Chicago schools to cut 200 office jobs to save $16 million
BY ROSALIND ROSSI Education Reporterfirstname.lastname@example.org September 22, 2011 8:08PM
Twenty-four “area offices” have been consolidated into 18 offices under CEO Jean-Claude Brizard. | John H. White~Sun-Times
Updated: November 10, 2011 5:28PM
At least 200 jobs are being trimmed out of the Chicago Public School bureaucracy, for a savings of $16 million — leaving only $44 million in promised cuts to go, CPS officials said Thursday.
The job reductions are part of a reorganization of the office of chief education officer, which once employed 750 people. By the time the dust clears, it will be down to 550 people, CPS officials say.
New Chief Education Officer Noemi Donoso said she is still planning an additional $34 million in “programmatic” cuts out of her office, many involving outside vendors, that were promised to help fill a $712 million budget deficit.
With the help of a consultant, Donoso said, CPS should be announcing them soon, along with $10 million in other central office cuts.
“The potential is there and we feel confident that with all our vendor contracts, we can find the difference,’’ Donoso said.
The job cuts are part of a reorganization in which 24 former “area” offices that serviced schools under former Schools CEO Ron Huberman were consolidated into 18 “network” offices that now help schools under new CEO Jean-Claude Brizard.
In addition, various central office departments are being consolidated. Among those left on the cutting room floor is the Office of Performance Management — a signature Huberman initiative.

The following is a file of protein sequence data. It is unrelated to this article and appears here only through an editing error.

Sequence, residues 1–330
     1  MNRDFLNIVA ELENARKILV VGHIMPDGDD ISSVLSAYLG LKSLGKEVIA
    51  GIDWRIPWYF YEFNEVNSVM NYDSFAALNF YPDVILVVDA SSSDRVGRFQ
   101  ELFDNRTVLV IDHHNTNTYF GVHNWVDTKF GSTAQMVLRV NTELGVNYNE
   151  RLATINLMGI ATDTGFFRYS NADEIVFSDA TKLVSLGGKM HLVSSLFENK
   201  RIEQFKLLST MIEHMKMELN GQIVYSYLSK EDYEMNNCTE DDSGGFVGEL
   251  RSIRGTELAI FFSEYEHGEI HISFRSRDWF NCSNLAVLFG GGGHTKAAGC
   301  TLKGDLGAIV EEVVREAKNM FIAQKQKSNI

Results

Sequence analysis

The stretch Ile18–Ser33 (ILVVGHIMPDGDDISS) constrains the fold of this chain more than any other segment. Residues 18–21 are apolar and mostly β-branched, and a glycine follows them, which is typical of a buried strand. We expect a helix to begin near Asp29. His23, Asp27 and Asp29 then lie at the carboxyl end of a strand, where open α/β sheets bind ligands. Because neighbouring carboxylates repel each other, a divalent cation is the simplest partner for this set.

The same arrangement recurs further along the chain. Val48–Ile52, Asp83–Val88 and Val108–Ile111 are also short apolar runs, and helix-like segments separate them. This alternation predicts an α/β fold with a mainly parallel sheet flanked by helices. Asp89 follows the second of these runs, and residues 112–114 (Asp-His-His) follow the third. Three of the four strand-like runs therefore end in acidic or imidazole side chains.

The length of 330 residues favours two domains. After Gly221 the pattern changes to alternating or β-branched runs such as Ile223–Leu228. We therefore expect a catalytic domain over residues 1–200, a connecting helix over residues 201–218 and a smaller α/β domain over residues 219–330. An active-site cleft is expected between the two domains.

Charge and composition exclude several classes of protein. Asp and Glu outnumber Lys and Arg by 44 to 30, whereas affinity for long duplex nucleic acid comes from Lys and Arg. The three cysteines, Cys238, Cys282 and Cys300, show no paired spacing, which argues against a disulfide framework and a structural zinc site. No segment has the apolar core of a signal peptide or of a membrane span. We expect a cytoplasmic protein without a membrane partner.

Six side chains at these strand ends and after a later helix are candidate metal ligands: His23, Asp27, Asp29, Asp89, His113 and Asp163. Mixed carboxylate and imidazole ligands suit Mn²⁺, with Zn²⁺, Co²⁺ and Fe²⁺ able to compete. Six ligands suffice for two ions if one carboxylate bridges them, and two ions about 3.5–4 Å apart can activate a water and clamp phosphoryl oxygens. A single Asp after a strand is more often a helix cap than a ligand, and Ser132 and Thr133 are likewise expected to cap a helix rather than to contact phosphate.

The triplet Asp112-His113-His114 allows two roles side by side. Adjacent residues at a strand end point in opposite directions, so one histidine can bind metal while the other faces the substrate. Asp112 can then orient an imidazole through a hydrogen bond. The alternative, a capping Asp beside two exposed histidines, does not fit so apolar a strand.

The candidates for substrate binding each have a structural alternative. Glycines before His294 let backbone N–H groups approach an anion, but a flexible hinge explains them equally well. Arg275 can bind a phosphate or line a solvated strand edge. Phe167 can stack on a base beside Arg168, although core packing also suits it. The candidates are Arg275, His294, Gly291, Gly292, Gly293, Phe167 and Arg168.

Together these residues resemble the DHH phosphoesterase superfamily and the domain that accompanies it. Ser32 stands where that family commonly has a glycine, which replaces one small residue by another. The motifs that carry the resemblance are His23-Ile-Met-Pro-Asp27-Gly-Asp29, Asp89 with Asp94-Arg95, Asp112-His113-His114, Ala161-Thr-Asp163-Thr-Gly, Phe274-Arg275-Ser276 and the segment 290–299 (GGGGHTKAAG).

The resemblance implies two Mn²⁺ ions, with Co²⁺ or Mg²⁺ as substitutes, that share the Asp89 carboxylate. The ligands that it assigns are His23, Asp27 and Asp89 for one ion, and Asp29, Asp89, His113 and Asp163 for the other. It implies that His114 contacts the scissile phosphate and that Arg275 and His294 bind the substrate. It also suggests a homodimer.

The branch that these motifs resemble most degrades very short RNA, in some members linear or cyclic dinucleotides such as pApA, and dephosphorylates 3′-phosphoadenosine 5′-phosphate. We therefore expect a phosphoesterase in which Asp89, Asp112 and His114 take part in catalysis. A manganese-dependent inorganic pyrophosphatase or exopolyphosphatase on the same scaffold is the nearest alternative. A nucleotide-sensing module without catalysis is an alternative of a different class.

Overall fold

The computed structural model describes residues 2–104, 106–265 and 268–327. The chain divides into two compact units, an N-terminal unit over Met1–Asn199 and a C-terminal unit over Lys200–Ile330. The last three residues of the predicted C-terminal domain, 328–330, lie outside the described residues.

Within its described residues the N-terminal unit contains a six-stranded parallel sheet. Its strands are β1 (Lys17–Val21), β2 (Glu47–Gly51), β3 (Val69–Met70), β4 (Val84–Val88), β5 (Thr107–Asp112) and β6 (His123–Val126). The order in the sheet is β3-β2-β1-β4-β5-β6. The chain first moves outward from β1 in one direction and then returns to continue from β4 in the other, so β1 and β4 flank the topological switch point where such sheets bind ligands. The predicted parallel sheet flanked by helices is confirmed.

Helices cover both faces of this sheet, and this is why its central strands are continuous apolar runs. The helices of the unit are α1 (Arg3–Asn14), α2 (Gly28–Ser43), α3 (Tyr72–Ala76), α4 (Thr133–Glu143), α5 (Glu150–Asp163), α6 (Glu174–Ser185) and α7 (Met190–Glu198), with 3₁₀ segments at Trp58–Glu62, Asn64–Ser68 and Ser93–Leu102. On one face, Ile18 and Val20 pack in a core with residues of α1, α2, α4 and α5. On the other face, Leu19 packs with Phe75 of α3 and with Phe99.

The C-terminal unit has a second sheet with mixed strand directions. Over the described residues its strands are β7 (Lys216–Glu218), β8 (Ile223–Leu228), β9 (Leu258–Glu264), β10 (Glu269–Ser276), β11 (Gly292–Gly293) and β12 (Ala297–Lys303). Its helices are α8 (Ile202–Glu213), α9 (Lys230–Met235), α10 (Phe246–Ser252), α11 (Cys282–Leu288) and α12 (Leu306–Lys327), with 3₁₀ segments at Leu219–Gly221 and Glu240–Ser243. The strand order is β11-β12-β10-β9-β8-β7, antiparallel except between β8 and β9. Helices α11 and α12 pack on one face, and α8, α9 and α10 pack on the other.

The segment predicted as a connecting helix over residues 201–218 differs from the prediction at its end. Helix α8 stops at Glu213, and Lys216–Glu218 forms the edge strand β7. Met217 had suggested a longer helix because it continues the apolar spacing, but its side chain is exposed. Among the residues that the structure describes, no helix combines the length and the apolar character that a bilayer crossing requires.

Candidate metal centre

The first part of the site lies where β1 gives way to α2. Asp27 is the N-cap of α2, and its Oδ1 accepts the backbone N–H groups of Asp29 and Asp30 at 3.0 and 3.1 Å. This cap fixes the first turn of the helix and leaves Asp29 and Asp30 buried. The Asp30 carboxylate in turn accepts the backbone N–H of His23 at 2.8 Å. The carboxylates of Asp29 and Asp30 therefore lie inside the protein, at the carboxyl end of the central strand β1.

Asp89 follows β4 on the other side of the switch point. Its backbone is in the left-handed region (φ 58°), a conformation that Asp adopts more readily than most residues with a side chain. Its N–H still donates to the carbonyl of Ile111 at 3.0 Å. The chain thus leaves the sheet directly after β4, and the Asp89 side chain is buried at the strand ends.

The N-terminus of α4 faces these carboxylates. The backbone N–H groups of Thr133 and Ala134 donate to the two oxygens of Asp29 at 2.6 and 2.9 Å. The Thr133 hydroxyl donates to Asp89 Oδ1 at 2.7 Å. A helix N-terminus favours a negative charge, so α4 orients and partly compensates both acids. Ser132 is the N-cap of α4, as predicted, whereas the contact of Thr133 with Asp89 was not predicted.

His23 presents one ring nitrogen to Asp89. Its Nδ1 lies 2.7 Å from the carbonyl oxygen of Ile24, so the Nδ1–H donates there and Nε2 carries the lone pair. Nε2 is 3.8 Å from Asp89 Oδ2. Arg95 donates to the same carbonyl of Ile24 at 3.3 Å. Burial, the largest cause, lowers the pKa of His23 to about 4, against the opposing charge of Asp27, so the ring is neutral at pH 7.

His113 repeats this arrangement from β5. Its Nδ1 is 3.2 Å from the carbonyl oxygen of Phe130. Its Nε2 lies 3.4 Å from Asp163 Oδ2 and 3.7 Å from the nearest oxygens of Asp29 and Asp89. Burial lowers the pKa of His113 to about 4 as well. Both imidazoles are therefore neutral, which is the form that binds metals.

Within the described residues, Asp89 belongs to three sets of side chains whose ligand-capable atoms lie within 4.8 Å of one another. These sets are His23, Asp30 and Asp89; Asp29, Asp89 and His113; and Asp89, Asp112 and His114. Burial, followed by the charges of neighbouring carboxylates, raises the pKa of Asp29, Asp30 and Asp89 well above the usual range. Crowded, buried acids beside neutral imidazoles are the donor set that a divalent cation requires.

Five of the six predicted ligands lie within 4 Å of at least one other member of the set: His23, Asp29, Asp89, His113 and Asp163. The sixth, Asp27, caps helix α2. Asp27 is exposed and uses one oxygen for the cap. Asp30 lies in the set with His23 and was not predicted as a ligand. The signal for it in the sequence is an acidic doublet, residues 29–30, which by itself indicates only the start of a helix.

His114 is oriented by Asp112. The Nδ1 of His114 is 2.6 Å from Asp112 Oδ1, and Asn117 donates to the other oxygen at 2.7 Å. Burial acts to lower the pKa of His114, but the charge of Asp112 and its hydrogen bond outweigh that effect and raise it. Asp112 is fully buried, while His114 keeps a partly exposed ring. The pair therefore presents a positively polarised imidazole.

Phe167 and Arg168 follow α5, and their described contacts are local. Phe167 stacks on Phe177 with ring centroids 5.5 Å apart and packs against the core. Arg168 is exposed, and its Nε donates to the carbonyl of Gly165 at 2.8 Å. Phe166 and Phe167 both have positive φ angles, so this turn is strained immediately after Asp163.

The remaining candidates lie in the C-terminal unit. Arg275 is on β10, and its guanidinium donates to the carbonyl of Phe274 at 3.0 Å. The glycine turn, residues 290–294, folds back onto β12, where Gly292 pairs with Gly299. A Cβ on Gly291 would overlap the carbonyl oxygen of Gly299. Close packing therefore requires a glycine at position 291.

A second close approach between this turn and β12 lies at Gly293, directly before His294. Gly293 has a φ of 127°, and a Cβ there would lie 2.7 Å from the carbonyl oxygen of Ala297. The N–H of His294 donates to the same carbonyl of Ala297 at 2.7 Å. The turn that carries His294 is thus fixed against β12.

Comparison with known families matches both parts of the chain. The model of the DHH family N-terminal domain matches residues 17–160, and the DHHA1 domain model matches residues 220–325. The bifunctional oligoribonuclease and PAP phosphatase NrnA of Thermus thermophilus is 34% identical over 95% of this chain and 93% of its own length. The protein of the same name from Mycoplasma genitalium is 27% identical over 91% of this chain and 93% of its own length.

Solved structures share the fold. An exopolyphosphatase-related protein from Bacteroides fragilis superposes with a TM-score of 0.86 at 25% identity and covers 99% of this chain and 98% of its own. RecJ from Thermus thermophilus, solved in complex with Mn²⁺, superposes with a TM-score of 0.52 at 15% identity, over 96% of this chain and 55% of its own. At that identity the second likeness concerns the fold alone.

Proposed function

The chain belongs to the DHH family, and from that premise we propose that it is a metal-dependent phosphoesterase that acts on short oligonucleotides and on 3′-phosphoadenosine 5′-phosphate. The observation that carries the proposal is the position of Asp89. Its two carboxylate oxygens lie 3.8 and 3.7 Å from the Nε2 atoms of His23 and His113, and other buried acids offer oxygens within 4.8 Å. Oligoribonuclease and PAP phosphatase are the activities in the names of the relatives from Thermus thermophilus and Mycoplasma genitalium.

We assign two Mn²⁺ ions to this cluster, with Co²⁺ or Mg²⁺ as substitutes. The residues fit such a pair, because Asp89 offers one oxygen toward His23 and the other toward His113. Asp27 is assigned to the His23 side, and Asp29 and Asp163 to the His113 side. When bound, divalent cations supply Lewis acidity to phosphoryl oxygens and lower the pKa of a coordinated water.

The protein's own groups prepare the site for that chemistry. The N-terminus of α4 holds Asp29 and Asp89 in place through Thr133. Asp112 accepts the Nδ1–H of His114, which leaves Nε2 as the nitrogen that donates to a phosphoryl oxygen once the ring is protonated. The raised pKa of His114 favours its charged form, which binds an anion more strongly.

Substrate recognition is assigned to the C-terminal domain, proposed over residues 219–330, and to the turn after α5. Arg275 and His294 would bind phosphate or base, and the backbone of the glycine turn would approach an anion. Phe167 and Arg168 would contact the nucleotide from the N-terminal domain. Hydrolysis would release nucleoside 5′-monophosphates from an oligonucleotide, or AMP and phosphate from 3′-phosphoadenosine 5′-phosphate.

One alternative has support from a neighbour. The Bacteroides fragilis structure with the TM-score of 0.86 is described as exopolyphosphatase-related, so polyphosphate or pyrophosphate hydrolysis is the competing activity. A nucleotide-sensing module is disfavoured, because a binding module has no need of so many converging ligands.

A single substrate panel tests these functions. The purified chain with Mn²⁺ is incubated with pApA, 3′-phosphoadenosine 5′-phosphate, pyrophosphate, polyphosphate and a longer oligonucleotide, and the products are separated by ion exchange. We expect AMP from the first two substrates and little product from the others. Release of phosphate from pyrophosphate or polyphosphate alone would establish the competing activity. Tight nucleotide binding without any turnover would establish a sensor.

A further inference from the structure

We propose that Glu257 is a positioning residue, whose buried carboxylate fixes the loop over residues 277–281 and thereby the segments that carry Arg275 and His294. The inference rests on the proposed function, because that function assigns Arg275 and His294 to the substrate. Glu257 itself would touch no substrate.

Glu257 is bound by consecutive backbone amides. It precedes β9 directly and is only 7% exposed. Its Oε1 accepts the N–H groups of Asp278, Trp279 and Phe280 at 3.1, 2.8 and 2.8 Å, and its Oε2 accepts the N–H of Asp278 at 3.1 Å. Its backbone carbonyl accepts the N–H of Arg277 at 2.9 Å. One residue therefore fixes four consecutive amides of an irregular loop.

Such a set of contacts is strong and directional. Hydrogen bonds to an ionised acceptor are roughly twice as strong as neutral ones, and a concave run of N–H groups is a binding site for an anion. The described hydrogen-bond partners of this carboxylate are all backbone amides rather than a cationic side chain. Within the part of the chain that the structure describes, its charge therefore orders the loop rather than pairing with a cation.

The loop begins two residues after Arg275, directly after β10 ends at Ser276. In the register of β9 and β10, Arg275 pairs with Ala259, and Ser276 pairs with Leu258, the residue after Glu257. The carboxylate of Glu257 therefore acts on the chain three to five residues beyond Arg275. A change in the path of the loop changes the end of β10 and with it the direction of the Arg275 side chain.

Donoso said she hopes to “radically change’’ the way the system provides professional development for teachers and administrators so that the central office functions as a “clearinghouse” of coherent, high-quality best practices offered by networks to schools. Previously, she said, the central office and area offices offered a hodgepodge of unrelated training.
Human Capital Officer Alicia Winckler said that in the last few weeks, scores of area and central office employees were told their positions were being closed but they could apply for new jobs in the new “network’’ or the central office structure.
Winckler refused to say exactly how many jobs are being closed and how many are being opened — only that they added up to a “net reduction’’ of 200 jobs — or a 25 percent reduction in network, central office and citywide staff.